The Amelia Project is unique in that not only does it bend reality a little bit to uncover the potential dangers therein, dangers that might not be realistic but sometimes are and would still be things we are not inclined to think about. Rather, it potentially includes the guidelines for a solution. It essentially gives you life advice as it shows you things that you may need advice to handle. It’s a full package, and in being such, it pushes the boundaries of what we could think of as “found footage.” Not just something to scare you but also something to guide you.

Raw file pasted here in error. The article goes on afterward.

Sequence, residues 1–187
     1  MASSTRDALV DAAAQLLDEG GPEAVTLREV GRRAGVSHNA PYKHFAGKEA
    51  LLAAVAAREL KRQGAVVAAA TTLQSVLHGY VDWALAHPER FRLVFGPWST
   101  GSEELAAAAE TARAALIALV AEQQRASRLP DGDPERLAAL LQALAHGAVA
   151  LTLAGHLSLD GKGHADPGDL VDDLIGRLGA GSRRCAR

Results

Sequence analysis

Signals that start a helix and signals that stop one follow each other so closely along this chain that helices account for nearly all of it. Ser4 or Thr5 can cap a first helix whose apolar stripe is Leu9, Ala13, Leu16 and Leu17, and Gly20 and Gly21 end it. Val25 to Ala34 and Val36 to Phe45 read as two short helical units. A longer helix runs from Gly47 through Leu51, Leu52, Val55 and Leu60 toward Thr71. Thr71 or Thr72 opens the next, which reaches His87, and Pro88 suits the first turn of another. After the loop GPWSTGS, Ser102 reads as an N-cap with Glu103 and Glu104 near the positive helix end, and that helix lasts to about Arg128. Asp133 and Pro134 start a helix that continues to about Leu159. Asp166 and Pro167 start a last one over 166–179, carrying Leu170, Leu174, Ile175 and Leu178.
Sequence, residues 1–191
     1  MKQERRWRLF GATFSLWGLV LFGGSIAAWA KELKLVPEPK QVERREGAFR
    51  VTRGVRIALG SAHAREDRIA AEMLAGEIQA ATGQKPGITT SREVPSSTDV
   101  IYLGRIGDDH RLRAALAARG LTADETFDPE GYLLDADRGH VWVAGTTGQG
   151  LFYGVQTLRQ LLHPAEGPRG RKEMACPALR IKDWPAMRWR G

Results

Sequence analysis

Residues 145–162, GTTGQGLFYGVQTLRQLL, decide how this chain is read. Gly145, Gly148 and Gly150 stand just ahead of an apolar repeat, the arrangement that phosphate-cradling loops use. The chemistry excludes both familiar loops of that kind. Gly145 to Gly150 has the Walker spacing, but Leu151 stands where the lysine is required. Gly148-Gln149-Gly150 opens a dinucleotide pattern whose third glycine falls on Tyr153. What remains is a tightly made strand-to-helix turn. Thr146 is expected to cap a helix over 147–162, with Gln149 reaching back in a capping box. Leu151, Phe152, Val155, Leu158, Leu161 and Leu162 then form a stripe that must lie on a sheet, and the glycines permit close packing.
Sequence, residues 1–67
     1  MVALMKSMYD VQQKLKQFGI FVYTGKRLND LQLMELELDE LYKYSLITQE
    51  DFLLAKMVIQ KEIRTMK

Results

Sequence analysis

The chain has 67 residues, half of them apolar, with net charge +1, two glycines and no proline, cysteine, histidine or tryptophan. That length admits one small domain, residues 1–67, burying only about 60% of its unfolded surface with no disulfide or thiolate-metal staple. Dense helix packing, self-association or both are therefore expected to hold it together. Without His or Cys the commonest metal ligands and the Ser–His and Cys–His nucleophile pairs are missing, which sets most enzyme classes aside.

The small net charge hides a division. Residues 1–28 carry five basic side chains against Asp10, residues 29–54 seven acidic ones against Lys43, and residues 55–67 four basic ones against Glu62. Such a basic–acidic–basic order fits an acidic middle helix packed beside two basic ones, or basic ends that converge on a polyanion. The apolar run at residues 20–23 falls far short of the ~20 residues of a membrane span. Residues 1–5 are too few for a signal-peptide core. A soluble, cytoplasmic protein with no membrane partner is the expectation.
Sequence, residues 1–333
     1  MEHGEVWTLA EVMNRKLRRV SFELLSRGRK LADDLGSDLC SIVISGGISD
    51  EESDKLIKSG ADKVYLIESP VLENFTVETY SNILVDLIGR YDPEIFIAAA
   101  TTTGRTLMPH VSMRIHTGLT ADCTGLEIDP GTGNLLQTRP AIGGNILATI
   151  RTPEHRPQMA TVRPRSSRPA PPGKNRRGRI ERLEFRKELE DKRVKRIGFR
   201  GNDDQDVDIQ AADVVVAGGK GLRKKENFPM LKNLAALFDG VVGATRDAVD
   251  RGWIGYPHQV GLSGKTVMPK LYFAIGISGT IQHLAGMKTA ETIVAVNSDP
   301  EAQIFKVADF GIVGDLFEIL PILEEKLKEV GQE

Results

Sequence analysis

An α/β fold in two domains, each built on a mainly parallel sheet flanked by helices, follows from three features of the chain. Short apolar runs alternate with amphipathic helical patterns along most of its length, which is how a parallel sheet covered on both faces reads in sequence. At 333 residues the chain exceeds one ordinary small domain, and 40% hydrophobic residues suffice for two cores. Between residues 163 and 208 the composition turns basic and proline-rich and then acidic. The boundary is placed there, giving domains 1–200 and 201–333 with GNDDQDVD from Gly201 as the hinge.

And that’s worth celebrating with a nice, big cup of cocoa. And marshmallows.

(Music fades out and new music fades in)

            I’ll be sure to have one before next week. And also, don’t forget, there’s my audio drama, The Oracle of Dusk that you could listen to. Season 1 is coming to a close, so if you are the type to plow through seasons whenever you consumer your fictional media, then I’ve got you covered. There’s only two episodes left, and one is going up this week.


(Music fades out)